Similar to the buddhist belief that we are not our thoughts, I think we’re not the boxes on our heads. What lies underneath? I see people express their bigoted beliefs, and I wonder if they are aware of the boxes on their heads? How do we make people see wider than the limited views we’ve been conditioned with?
It is tiring, to be suffocated with limiting views all the time, to perceive fellow human beings as inherent sinners instead of actually seeing that we bestow ourselves with traps the moment we’re born. We all have to be obedient children, get good grades, get good jobs, fulfil our gender and societal norms, meet everyone’s expectations, achieve high status, etc, without stopping to ask what is the whole point of our existence? How do we wish to live, how do we want to engage with our fellow human beings Is a lifetime of condemnation and policing people including those we love a really good way to live?
Human beings seem to be self-sabotaging, I really wish we could see that. That we suffocate ourselves with unnecessary boxes.
Some time in 2018 I bought a glucose meter. I cannot remember exactly why – I was probably worried I was diabetic because I was frequently getting serious food comas after eating. By “serious” I mean the level of drowsiness was so overwhelming that I could not keep my eyes open no matter how hard I tried. I think I bought a glucose meter for a peace of mind, to assure myself that I was actually fine.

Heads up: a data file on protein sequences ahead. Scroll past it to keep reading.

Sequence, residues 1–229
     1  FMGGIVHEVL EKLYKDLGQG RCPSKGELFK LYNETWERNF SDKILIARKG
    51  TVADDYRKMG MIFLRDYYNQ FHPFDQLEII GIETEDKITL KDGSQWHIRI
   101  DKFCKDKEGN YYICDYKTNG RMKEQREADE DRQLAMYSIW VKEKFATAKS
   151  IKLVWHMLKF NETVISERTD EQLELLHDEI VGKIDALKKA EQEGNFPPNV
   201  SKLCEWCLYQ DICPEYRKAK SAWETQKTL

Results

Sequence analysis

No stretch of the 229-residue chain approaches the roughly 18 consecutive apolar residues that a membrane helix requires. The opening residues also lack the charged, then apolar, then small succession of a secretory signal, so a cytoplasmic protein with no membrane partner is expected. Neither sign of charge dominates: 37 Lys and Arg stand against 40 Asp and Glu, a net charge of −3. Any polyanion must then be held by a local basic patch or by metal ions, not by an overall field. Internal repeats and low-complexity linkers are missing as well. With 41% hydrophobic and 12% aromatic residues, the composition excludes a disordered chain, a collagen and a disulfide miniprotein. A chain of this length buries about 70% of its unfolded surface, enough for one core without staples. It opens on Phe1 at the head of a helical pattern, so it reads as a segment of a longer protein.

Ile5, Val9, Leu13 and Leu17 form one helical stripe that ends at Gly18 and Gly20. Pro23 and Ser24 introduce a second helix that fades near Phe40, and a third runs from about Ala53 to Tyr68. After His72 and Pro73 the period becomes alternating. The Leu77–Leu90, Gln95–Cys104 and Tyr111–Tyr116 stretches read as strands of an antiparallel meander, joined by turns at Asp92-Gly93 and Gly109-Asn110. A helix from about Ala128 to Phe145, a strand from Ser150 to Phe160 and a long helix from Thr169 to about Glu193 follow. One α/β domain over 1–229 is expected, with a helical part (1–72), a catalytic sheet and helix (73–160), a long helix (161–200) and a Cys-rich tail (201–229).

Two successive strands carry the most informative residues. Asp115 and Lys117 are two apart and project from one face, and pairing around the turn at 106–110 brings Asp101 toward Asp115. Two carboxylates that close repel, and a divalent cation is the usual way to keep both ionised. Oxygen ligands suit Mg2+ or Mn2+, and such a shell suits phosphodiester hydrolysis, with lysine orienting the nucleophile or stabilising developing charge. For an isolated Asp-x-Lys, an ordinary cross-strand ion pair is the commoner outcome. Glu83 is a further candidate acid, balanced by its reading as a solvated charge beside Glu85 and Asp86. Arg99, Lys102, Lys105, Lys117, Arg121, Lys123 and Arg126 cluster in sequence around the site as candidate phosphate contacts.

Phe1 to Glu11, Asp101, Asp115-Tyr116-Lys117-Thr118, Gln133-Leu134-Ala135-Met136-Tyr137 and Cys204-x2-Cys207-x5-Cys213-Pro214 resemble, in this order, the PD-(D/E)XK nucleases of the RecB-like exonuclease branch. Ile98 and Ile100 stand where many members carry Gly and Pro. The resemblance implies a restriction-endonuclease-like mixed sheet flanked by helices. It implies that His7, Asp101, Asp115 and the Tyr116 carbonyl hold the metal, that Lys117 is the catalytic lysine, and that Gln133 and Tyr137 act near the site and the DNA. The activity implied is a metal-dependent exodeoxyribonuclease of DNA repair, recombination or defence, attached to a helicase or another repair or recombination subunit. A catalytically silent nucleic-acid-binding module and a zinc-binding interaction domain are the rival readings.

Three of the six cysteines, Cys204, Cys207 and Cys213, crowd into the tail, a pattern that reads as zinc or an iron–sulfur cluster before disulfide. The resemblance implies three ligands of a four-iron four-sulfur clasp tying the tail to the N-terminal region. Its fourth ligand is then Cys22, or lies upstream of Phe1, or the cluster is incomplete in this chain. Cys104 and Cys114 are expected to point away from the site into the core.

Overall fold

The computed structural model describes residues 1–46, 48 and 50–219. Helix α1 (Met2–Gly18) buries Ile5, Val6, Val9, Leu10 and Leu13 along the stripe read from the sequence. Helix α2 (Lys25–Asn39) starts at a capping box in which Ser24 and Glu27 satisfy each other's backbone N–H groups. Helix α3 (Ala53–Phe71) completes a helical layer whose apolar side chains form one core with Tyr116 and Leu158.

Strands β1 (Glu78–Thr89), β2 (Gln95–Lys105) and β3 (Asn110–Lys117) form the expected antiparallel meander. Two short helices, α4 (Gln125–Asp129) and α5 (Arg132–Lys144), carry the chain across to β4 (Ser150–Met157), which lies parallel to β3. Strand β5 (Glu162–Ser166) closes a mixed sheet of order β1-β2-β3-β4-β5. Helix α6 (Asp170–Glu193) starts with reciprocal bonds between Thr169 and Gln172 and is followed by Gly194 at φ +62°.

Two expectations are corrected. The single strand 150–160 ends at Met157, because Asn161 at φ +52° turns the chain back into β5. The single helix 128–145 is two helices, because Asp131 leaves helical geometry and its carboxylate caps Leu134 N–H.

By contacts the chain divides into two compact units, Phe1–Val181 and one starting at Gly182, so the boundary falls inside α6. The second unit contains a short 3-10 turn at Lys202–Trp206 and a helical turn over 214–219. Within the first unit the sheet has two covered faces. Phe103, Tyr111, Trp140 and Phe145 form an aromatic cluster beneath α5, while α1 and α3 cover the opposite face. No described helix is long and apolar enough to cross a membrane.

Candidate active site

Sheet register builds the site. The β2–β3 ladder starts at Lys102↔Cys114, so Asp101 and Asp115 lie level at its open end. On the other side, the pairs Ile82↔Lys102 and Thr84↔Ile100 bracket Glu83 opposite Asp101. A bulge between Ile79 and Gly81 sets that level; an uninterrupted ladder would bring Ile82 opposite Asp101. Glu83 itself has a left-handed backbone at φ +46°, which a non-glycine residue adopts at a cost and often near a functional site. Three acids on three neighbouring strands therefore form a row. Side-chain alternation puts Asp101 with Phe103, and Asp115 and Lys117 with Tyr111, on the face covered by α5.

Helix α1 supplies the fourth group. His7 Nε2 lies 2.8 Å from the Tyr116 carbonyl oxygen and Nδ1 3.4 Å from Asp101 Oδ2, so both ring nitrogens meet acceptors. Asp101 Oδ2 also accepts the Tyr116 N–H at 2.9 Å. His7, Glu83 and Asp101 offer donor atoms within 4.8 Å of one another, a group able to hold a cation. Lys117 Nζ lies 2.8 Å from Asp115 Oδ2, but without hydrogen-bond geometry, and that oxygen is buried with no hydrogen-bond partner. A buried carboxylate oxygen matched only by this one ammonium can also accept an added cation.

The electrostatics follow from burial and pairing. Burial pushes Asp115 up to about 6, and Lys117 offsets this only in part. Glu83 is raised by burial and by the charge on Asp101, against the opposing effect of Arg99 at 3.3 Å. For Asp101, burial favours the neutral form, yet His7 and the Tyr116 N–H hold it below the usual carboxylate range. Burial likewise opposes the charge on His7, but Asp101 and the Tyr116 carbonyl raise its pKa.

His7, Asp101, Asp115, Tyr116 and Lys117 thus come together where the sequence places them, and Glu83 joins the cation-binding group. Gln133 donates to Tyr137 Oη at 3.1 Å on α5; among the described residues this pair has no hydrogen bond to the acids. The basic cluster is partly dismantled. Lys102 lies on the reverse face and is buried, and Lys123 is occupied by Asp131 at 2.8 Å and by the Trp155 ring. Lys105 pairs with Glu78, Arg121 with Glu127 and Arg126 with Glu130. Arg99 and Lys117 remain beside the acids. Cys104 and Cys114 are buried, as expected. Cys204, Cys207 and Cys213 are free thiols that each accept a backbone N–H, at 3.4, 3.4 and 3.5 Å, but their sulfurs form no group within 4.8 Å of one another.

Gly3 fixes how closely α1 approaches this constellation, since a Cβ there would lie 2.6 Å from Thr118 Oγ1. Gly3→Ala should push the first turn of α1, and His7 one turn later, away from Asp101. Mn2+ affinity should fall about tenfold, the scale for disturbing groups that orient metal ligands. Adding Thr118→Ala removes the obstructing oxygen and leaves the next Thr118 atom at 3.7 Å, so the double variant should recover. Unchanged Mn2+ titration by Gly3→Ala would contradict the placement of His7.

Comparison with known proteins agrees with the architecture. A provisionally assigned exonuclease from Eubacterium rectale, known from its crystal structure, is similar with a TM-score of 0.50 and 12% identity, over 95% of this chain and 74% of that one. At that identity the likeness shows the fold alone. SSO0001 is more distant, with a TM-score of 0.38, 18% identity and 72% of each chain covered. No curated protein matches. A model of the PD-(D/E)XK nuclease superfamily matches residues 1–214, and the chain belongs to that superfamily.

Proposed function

Like many people I was afraid of getting my finger pricked, but curiousity won so I braced myself. We imagine it is like a pricking our fingers with a needle but a good lancet is so fine and quick that the sensation lasts for less than a second. I remember panicking when I saw my first result – in the pre-diabetic range. Then I realised I did it after my regular 2-in-1 instant coffee (yes I love this actually), so I panicked less. But the result next morning didn’t seem ideal either.
home glucose meters vs blood-drawn tests
Glucose meters are home devices and are considered “accurate” when they are 15-20% within range, 90% of the time. Which means they are actually not accurate at all, because 20% can mean 5 mmol/l or 6 mmol/l. 5 is considered normal and 6 is considered pre-diabetic. But it is useful for monitoring trends, and there are meters which are known to be more accurate than the others. We could also get a HbA1c test at which checks for blood sugar control during the past 3 months.
Months later I plucked up the courage – this time real long needles are used – to go for a blood screening. I was also reaching a plateau with my migraines and wanted to see if there are any biomarkers that are abnormal. My HbA1c test then was 5.5. The doctor was like, “see, nothing is wrong” but the prediabetic range now starts from 5.6. I thought 5.5 meant that my blood glucose was also 5.5 mmol/L which is not ideal at all but still acceptable, but years later I found out 5.5 of a HbA1c actually means an average blood glucose level of 6.17mmol/L (111.3mg/dL) which I would consider pre-diabetic. Doctors are only concerned when our levels reach 7mmol/L, but by then it is indicating serious insulin resistance. Research shows that when we’re in prediabetic stage our beta cells are already 20-40% damaged. If this is caught early enough the damage can be reversed.